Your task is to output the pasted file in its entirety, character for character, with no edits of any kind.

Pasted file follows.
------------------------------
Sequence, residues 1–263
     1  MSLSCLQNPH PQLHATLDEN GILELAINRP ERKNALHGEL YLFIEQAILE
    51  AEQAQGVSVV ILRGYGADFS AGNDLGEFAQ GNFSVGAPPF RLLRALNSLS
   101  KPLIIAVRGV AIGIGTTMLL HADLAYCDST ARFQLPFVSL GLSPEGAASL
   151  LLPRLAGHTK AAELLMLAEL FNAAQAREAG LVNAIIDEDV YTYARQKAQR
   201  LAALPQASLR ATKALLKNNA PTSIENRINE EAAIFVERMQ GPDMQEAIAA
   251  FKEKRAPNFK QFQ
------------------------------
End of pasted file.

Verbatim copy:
Sequence, residues 1–263
     1  MSLSCLQNPH PQLHATLDEN GILELAINRP ERKNALHGEL YLFIEQAILE
    51  AEQAQGVSVV ILRGYGADFS AGNDLGEFAQ GNFSVGAPPF RLLRALNSLS
   101  KPLIIAVRGV AIGIGTTMLL HADLAYCDST ARFQLPFVSL GLSPEGAASL
   151  LLPRLAGHTK AAELLMLAEL FNAAQAREAG LVNAIIDEDV YTYARQKAQR
   201  LAALPQASLR ATKALLKNNA PTSIENRINE EAAIFVERMQ GPDMQEAIAA
   251  FKEKRAPNFK QFQ